The process

Once everything is set up and installed, you can start developing with webpack by going to your project folder in the terminal and running the “watch” script. It’ll stay open and keep track of any modifications you make to your JS files. The terminal will output information (hopefully) indicating it has successfully re-compiled the file whenever you hit save in your Javascript files. There will be a message in the terminal if there were any compilation errors. CTRL + C will halt the “watch” process.

Setting up the environment

I’m assuming you already have a local WordPress installation running on a LAMP stack (programs like WampServer, XAMPP, Docker, or something similar), and that you’ve got a plugin or theme ready to start writing Javascript in.

Because you may wind up with multiple config files and folders, I propose creating a subfolder dedicated to your Javascript work. This makes it easy to isolate files and folders that you don’t want to include in git commits or final builds (for example, node modules/). However, using your main theme or plugin folder as a project folder for Javascript development is entirely acceptable.

Navigate to your project folder in terminal (Mac OS terminal or Windows Command Prompt both work great). For the purposes of this article, I’ll assume we’re in a theme and have created a gutenberg-dev/ subdirectory as our project folder.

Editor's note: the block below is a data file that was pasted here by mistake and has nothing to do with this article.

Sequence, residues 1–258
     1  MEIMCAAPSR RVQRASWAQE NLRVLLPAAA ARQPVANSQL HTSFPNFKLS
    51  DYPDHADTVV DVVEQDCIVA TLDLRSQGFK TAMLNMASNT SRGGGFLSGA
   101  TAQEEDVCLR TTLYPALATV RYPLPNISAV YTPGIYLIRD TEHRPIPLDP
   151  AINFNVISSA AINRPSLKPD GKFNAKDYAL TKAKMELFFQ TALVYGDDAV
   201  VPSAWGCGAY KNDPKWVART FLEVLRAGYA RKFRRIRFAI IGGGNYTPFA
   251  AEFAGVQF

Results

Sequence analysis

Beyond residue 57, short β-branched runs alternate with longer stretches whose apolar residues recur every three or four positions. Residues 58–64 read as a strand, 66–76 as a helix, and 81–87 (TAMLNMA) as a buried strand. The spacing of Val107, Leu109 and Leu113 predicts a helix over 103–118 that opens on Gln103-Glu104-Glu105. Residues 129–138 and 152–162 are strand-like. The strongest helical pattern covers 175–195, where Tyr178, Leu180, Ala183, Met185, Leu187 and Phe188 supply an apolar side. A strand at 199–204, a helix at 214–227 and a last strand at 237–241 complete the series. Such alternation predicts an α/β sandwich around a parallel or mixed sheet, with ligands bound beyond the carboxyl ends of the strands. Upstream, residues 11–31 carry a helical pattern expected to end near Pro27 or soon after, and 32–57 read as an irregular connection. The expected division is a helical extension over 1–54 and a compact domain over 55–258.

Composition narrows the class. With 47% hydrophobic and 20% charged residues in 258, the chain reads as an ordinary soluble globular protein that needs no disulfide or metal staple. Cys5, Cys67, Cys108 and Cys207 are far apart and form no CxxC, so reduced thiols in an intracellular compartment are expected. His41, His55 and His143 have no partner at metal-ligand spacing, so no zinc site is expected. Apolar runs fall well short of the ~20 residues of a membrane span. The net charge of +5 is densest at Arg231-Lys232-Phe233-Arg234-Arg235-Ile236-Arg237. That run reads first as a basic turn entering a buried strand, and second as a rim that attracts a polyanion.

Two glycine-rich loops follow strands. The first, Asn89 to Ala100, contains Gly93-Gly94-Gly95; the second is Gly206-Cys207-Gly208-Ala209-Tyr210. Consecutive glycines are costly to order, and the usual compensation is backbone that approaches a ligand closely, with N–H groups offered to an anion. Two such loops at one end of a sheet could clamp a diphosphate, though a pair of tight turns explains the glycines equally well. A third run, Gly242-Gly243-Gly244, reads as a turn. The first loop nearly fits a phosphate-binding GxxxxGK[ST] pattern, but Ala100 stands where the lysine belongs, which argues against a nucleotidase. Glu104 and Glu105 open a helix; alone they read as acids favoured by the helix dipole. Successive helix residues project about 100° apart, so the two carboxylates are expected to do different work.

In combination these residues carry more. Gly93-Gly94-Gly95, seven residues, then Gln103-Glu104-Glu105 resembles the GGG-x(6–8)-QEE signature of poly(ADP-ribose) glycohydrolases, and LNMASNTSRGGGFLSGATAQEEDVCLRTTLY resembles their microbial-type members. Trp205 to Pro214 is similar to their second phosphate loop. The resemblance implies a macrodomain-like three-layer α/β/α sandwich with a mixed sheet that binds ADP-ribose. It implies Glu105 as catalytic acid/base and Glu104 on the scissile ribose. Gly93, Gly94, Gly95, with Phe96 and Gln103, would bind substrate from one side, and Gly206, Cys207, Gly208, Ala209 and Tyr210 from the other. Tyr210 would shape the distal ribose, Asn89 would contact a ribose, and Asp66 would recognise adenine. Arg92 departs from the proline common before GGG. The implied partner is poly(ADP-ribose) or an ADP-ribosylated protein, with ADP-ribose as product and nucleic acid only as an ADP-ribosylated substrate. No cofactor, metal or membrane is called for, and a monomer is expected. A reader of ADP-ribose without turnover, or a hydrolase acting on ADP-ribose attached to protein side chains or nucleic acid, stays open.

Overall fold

The first step is to create an npm project, which entails telling npm to create a package.json file. This package.json file tells npm which packages are necessary and which scripts are ready to run. Put this in the terminal: npm init -y

We’ll then install the WordPress package, which will assist us to reduce the amount of configuration we’ll have to complete. Run the following command: npm install –save-dev –save-exact @wordpress/scripts.

The tag —save-dev tells npm that the provided libraries are only required for development, and —save-exact ensures that npm only installs the most recent version.

In your editor, open the package.json file. (A package-lock.json file will be generated by npm when you install packages; disregard this file; you’ll be making modifications to package.json). It should be populated with default configuration, and you may observe that the package installation we did earlier created an entry in devDependencies for @wordpress/scripts of a specific version. As you install more packages, npm will add entries for each package to package.json. The scripts property, which is for scripts (commands) that you may run using npm, is all we need to worry about in this file. Replace the default “test” in the scripts property with the following:

"scripts": {
	"build": "wp-scripts build",
	"start": "wp-scripts start"

This line of code notifies npm that there are two scripts in this project folder that we can run: “build” and “start.” We run a script using the command npm run script-name, in which npm searches package.json for the command specified as its value and executes it.

We can also use WordPress’ webpack and Babel config instead of having to do it ourselves.

Make a subfolder called src/ in your project folder. Make an index.js file in this folder.

You’re done if you’re OK with the defaults in Webpack. In index.js, write your ES6 and JSX code, and instruct npm to compile it by using the build command:

npm run build

or, in the terminal, launch a “watch” process that listens for changes made using this command (use CTRL+C to quit the watching process):

npm run start

If you run either of these, a build/ subdirectory will be created in your project directory, with the compiled result in build/index.js.

That concludes the most fundamental environment setup! You’re now ready to start writing Gutenberg ES6 Javascript!